From the Front Page: Rice imports ‘unimpeded’, FDIs surged, Inflation peaked?

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A fresh nine-year high leaves top officials conflicted over whether we’ve seen this year’s peak for inflation. President Duterte orders “unimpeded” rice imports to counter soaring prices on basic goods. And foreign direct investments more than double year-on-year in July. This and more in your weekly recap of BusinessWorld news, From the Front Page.

By SparkUp Team

Following a fresh nine-year high logged in September, top officials are conflicted over whether we’ve seen the peak for inflation this year. Both the central bank and President Duterte’s economic team believe we’ll be seeing prices of basic goods rise no higher than 6.7 percent. But some analysts hold that external factors could still see the inflation pick up before year-end.

In a bid to stem the effects of inflation on staple goods, President Duterte ordered “unimpeded” importation of rice, a key contributor to the nation’s surging inflation rates. Presidential Spokesperson Harry L. Roque described the request as a “full liberalization” of the market, with no approvals necessary for the importation of rice.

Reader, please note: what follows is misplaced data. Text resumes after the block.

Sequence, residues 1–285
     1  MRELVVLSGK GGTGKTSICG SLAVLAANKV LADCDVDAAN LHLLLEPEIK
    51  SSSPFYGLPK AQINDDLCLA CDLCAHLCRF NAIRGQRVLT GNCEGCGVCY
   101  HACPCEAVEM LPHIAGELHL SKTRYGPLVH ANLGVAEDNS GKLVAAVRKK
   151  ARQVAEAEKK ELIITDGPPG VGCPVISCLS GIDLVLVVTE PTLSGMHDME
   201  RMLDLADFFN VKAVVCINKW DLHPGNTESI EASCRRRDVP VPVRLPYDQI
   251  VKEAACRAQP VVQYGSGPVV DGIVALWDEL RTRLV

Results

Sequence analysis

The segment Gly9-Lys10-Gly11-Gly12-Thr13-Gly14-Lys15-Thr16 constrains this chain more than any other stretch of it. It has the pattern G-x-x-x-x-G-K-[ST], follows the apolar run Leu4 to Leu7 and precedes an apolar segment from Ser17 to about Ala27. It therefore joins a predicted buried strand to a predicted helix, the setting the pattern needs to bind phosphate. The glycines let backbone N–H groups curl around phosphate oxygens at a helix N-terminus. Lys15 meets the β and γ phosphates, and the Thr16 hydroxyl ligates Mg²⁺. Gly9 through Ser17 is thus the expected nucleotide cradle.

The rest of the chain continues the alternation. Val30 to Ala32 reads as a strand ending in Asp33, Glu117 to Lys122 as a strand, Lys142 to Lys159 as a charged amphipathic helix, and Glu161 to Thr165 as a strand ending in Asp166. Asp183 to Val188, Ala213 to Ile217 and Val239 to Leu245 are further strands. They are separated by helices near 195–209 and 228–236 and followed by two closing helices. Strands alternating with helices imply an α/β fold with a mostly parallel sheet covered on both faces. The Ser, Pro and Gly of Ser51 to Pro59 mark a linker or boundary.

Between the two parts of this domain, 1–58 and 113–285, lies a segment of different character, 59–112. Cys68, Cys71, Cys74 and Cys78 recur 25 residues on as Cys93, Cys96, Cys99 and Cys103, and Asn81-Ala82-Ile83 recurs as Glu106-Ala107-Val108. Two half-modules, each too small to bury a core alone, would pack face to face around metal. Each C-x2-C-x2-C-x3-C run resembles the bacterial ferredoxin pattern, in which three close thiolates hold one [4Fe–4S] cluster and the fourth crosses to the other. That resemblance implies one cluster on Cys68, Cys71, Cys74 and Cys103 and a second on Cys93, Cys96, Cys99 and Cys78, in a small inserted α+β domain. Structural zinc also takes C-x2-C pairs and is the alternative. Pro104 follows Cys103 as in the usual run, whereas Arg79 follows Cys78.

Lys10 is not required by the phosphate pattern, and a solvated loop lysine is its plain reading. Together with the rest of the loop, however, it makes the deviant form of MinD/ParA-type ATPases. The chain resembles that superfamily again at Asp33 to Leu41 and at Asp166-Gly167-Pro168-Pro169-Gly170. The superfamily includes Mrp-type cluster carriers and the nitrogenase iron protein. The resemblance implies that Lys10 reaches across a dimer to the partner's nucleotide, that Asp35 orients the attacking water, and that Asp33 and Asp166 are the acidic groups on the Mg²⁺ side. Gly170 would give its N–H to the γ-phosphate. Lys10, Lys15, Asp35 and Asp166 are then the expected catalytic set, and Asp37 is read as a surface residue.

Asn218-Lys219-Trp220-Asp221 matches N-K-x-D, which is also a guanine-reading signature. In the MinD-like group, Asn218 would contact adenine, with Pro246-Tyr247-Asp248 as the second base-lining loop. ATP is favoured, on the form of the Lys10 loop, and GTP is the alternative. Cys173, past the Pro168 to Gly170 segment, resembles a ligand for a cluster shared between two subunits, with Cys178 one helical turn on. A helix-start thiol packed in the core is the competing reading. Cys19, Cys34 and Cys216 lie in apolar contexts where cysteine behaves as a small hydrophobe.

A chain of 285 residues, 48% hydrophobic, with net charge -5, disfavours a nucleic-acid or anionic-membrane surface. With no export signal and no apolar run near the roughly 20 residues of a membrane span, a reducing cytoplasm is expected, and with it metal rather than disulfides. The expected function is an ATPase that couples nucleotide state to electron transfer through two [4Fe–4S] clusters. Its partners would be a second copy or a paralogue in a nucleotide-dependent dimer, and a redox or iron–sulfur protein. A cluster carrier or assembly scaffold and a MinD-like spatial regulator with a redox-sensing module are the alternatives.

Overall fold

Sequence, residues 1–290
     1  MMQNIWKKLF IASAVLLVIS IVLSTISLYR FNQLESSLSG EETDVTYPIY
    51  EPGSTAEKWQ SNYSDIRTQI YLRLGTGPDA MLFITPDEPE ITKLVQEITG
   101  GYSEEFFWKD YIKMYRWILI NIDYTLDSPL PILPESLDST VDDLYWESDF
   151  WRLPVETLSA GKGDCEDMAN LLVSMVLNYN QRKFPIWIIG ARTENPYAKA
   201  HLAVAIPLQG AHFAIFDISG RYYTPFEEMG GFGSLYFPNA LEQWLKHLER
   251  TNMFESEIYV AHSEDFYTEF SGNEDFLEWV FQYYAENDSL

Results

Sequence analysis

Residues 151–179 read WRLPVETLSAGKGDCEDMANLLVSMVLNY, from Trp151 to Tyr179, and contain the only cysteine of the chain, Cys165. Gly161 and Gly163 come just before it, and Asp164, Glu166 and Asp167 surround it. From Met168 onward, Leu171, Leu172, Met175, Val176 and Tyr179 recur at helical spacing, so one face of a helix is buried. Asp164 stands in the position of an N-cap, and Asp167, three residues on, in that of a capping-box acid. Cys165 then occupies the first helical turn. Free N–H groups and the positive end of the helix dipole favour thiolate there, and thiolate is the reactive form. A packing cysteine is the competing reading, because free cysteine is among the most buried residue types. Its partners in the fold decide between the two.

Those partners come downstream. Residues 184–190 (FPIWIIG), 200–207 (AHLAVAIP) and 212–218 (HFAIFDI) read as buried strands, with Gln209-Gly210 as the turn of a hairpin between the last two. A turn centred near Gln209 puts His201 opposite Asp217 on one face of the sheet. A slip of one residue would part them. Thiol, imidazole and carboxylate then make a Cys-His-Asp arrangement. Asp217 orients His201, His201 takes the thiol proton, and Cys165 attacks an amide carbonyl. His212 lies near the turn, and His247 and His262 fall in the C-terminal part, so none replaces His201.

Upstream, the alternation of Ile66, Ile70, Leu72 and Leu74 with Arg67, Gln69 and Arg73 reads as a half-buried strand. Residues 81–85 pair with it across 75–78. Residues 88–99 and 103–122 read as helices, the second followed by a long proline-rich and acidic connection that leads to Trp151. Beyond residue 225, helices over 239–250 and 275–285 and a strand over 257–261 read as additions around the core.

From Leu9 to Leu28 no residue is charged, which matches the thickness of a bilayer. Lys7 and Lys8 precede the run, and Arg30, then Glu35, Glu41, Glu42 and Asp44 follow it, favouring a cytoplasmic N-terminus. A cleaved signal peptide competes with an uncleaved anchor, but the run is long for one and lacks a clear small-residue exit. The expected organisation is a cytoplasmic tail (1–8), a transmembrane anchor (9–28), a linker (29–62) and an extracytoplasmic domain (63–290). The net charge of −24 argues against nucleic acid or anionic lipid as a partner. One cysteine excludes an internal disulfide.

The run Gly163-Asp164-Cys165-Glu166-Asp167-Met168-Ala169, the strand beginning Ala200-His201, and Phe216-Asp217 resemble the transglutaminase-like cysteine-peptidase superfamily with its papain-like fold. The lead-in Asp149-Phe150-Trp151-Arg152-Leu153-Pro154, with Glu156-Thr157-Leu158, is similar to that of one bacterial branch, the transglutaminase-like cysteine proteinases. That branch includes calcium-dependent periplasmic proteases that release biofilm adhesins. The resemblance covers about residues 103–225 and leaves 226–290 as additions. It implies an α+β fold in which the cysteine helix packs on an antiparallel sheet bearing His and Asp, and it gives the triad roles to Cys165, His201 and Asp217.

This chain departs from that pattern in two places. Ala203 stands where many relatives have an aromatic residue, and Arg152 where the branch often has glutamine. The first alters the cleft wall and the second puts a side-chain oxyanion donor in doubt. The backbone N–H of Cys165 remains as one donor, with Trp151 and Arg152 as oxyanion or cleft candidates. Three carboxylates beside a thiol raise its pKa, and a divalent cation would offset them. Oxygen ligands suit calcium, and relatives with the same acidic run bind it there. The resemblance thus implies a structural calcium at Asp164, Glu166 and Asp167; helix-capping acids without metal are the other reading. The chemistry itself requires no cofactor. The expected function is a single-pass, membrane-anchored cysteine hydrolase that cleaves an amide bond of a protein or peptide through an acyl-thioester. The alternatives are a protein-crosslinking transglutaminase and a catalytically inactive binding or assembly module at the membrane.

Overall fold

Meanwhile, net inflows of foreign direct investments (FDI) reached $914 million in July, more than double the $344 million received in July 2017. Observers believe the surge shows that the Philippines remains a “legitimate investment destination” in the region. FDIs infuse additional capital for the Philippine economy, in turn creating more jobs and spurring domestic activity.

S&P Global Ratings assured that the Philippine economy stands on solid ground due to recent reforms and “the strength of steady inbound remittances from Filipinos working abroad,” keeping the country resilient to external shocks. The economy is seen to grow by 6.7% this year, lower than the government’s 7-8% target, though still among the fastest in the region.

Four local firms and one foreign company, Norway’s Telenor Group, have firmed up their interest in joining the “third telco” auction, aimed at breaking up the country’s telecommunications duopoly. The National Telecommunications Agency was surprised by the first-day turnout, sharing that even more firms are expected to purchase bid documents before Nov. 7.